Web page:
January’s here again, bringing with it the anniversary of the Whole Grain Stamp. It was seven years ago this month that Oldways and the Whole Grains Council introduced this now-familiar packaging symbol.

January 2005 also marked the introduction of new Dietary Guidelines in the U.S. These Guidelines for the first time urged Americans to “Make at least half your grains whole.” This was a much stronger recommendation than in the 2000 Guidelines, which simply advised consumers to “Choose a variety of grains daily, especially whole grains.”

Everything changed, that January seven years ago. First, the U.S. government came out with a much clearer and stronger rule. Then, less then two weeks later, we came out with a simple tool – the Whole Grain Stamp.

The combination of Rule + Tool made a big difference, according to a new report from the USDA’s Economic Research Service, published last month online in Applied Economic Perspectives and Policy. According to this report:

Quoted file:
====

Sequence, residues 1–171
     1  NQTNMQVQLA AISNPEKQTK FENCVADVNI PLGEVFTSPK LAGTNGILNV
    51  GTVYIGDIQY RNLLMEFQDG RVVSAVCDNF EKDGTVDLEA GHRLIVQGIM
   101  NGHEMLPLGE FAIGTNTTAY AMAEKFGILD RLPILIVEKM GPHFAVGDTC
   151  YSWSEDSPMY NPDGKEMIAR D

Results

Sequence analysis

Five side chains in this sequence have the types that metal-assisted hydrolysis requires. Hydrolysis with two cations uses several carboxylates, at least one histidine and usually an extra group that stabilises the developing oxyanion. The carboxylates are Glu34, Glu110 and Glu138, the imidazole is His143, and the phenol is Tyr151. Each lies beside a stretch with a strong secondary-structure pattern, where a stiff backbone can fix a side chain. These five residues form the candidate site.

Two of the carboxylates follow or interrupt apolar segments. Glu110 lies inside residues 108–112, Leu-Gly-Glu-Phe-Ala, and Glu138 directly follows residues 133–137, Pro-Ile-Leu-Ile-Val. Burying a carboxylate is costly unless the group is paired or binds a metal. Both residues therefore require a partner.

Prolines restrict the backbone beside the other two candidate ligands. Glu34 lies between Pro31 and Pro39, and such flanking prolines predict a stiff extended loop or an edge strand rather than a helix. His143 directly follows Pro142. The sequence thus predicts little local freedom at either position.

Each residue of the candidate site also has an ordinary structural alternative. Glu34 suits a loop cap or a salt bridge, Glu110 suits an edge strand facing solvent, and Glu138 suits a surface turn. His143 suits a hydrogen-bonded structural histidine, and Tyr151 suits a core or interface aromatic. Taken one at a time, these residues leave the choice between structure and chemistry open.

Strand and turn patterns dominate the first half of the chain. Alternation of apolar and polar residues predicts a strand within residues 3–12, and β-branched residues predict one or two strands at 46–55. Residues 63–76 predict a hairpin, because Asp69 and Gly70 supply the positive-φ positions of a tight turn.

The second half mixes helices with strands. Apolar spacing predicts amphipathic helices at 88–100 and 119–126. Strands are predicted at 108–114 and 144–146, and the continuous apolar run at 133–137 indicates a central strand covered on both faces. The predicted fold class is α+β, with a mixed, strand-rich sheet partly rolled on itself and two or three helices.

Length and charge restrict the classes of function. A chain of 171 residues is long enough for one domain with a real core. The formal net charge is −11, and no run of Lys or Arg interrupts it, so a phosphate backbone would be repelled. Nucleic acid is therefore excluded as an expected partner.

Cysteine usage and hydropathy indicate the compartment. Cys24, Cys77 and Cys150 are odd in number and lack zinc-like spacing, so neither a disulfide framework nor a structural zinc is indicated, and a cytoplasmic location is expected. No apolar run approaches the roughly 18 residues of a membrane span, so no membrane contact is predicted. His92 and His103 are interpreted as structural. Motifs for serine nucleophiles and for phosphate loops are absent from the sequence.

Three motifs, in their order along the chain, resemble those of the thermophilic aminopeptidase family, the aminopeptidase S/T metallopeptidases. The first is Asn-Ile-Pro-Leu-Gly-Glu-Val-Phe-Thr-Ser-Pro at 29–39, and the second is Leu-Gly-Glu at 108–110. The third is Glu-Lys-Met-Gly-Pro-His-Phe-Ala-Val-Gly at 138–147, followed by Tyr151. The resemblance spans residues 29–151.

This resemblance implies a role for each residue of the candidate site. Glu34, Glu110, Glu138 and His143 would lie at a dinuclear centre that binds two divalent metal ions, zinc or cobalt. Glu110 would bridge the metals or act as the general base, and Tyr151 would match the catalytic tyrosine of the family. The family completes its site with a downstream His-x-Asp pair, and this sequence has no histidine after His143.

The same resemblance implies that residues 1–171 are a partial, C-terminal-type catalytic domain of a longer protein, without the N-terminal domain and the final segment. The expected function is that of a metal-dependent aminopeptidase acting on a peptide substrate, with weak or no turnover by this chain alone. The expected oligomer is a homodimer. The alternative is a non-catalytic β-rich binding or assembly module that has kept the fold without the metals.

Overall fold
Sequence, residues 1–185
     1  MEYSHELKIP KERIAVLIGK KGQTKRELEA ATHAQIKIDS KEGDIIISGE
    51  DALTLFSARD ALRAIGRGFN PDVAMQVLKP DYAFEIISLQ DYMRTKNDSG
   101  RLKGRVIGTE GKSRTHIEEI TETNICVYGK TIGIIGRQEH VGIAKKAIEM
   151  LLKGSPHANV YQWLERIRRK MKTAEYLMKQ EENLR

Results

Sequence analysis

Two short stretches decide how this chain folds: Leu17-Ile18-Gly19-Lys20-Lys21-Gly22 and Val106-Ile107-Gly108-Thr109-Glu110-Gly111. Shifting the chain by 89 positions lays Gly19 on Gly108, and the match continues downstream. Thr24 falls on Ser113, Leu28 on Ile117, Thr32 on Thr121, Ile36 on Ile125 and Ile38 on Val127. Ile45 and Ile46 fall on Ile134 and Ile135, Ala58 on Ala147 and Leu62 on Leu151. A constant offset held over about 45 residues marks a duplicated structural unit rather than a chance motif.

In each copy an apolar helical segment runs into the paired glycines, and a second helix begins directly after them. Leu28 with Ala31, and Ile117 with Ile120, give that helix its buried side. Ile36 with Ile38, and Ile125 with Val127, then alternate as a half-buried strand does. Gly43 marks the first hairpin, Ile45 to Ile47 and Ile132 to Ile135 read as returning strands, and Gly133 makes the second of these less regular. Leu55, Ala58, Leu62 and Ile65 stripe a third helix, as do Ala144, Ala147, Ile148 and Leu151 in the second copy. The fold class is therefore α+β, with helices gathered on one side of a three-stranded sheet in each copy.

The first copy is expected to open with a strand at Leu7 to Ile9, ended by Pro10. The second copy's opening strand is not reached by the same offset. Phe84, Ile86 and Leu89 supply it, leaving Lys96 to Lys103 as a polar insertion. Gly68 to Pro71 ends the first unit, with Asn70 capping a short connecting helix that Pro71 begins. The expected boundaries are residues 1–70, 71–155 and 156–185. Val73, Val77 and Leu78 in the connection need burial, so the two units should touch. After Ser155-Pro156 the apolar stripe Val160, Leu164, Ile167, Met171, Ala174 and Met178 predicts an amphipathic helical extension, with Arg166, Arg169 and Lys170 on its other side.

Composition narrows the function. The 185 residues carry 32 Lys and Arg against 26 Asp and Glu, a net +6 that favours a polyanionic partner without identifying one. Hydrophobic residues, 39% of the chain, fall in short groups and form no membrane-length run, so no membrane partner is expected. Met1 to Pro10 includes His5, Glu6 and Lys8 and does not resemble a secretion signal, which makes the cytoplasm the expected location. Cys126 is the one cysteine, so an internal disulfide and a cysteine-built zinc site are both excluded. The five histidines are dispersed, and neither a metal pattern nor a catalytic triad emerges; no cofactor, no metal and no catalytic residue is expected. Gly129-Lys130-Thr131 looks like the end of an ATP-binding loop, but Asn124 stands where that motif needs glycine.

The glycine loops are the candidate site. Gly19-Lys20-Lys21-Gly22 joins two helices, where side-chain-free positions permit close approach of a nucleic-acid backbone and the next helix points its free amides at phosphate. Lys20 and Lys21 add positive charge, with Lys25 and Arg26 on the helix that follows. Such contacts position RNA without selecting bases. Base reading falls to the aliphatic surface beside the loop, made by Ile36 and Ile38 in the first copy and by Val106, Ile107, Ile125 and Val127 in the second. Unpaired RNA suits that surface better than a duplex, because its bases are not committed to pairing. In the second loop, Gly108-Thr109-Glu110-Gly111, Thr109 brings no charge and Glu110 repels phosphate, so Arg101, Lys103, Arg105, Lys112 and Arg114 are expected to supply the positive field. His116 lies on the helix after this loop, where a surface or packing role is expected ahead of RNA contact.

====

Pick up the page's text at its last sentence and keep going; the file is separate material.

• After the inexplicit 2000 Guidelines, sales of whole grain bread rose 5% and multigrain breads rose 10%, while refined grain breads dropped 6%.
  • After the 2005 Guidelines were coupled with the Whole Grain Stamp, sales of whole grain bread rose 70%, multigrain rose 3%, and refined grain bread dropped 13%.




As you go down the bread aisle today, it’s almost hard to imagine that white bread made up 86% of sales in 1998-2000. Compare that to 2008, when Packaged Facts, a marketing company, asked people to say what kind(s) of bread they often eat – and whole wheat beat the pack: 52% said they often eat whole wheat, 43% said white, and 23% said multigrain.

Sales figures from Nielsen bear this out. In August 2010, for the first time,  annual whole wheat bread sales outpaced white bread sales – at $2.6 billion vs $2.5 billion. Of course part of that was because whole grain breads often cost a bit more than white bread. Even looking at volume, however, whole grain was closing the gap. From August 2009 to August 2010, Americans bought 1.5 billion packages of white bread, and 1.3 billion packages of wheat.

Okay, enough numbers already. The simple take-away message? When government rules are augmented by useful tools adopted widely by both consumers and industry, positive changes can happen in our eating habits! (Cynthia)

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